It became widely adopted in sport, and politicians, protesters and police have taken a knee across the world to show their commitment to tackle racial inequality.

Aston Villa and England defender Tyrone Mings believes taking a knee, particularly in England’s top-flight, has been central to keeping wider conversations about racism on the agenda.

“The Premier League is supporting it and that allows other doors and other conversations to be open and to be a little more free-flowing,” Mings told Sky Sports News last month.

“I think if we had taken a knee for one game last year and then stopped, I’m not sure we would have seen anywhere near the amount of conversations we’ve seen around online abuse, around racism, and around discrimination in any form in the last 12 months.

“I think it would be another ‘wear a t-shirt for a weekend’ and then wait for that same day the following year. I don’t think it would have gained any momentum if we hadn’t continued to take the knee.

“I think [sometimes] the people who are frustrated by it see it as just a gesture we do before a game and perhaps don’t grasp how and how influential we can be with the actions that we take.”

Newly-promoted Brentford stopped taking a knee last season as they believed the gesture was “no longer having an impact.” Championship side QPR’s director of football Les Ferdinand said the message behind the gesture had been lost when he defended his team’s decision to stop kneeling in September.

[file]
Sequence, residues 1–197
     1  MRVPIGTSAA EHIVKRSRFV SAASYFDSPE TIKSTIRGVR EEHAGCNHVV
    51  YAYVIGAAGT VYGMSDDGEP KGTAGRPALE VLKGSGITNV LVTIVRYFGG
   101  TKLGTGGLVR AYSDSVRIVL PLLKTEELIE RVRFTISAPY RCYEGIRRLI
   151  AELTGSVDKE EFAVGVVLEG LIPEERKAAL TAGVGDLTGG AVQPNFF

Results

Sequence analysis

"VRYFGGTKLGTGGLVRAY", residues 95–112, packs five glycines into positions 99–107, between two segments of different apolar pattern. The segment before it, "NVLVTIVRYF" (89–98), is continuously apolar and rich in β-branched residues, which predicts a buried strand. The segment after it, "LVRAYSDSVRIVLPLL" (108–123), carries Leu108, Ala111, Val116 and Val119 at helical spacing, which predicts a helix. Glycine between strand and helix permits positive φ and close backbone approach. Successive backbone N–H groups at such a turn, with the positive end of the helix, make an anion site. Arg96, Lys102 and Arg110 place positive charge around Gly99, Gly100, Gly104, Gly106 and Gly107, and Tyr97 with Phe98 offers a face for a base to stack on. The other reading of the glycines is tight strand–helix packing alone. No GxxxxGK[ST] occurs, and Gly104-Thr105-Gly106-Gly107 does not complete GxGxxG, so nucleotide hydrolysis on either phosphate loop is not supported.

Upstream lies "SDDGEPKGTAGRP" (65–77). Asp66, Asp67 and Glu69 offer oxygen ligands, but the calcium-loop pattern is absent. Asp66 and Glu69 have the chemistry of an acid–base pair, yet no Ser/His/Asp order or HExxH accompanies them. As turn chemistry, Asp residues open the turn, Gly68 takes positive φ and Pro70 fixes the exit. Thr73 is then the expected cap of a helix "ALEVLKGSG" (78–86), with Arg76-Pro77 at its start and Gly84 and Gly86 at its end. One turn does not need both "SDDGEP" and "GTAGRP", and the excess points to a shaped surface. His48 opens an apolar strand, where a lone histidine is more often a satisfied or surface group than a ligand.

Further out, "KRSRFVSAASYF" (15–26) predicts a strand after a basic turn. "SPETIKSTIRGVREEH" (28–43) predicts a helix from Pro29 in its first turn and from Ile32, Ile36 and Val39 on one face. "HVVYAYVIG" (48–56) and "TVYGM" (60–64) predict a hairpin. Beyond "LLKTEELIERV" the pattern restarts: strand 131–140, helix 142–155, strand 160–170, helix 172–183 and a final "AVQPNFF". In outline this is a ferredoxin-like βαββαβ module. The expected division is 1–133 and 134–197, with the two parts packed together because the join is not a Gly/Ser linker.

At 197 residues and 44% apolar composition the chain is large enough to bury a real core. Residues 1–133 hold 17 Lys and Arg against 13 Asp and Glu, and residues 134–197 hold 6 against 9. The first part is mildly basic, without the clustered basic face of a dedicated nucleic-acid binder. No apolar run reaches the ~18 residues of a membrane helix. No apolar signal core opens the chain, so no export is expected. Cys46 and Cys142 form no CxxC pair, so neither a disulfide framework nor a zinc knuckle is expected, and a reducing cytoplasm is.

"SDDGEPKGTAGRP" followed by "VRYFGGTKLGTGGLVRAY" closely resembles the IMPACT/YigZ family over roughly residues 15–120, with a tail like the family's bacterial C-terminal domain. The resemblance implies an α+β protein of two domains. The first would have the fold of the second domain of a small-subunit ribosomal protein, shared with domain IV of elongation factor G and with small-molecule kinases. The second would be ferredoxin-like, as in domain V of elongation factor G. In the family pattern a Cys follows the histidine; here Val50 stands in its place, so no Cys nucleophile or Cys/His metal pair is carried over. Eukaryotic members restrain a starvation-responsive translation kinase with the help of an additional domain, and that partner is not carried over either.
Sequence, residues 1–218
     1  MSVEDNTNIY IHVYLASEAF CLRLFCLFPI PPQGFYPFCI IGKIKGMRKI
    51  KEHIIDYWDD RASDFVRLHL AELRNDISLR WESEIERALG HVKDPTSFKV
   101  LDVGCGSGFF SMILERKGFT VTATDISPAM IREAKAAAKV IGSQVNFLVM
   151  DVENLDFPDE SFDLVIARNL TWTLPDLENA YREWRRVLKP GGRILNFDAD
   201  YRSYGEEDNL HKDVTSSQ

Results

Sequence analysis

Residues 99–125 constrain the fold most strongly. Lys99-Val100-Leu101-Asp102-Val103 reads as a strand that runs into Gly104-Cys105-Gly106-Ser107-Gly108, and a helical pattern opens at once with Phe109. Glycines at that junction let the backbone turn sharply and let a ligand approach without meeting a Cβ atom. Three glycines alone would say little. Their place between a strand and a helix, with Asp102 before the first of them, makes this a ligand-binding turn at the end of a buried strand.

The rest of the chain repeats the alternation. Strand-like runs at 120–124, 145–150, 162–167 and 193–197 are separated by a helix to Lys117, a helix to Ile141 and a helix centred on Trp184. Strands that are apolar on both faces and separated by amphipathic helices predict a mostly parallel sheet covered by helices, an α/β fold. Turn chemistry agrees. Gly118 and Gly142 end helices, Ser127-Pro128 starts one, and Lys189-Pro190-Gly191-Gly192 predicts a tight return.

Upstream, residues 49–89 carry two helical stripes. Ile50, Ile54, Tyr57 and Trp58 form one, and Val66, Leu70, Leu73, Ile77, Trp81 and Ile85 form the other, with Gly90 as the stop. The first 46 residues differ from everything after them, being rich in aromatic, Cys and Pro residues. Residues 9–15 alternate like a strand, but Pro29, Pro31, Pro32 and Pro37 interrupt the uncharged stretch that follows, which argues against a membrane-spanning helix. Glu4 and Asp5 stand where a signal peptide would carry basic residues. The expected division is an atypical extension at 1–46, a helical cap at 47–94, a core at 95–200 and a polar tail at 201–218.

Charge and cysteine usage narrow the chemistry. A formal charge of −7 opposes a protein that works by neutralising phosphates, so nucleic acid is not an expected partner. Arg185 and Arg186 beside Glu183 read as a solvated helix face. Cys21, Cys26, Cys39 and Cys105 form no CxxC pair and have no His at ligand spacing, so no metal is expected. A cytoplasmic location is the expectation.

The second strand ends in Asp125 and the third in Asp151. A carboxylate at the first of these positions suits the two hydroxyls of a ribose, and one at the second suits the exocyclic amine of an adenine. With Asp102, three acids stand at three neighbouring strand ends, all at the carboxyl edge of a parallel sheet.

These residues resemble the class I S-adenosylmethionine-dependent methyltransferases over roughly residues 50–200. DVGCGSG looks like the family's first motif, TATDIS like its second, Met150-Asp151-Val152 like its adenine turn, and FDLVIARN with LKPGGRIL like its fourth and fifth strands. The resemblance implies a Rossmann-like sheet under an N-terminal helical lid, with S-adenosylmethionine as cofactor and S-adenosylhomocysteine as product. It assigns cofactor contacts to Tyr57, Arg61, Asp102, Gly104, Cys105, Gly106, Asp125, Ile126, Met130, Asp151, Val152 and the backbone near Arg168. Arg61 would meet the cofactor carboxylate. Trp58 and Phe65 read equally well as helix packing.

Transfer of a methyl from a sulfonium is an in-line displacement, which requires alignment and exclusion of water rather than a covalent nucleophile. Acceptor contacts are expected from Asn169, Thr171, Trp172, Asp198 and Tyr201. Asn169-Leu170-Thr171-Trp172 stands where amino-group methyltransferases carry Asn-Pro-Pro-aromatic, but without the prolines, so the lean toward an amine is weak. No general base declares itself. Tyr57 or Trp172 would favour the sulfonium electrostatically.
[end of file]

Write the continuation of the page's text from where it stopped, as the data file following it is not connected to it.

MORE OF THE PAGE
Virtually all Premier League players took a knee last season, with Crystal Palace forward Wilfried Zaha becoming a notable exception when became the first player to refrain from the gesture and stand. It came before kick-off in Crystal Palace’s 1-0 win over West Brom in March. He continued to stand for the rest of the season while all other players in England’s top division continued to kneel.

Speaking in February, Zaha said it was “degrading” and encouraged players to “stand tall” in defiance of racism. After deciding to stand the following month, Zaha released a statement.

“There is no right or wrong decision, but for me personally I feel kneeling has just become a part of the pre-match routine and at the moment it doesn’t matter whether we kneel or stand, some of us still continue to receive abuse,” it read.

“I also fully respect my teammates and players at other clubs who continue to take the knee.”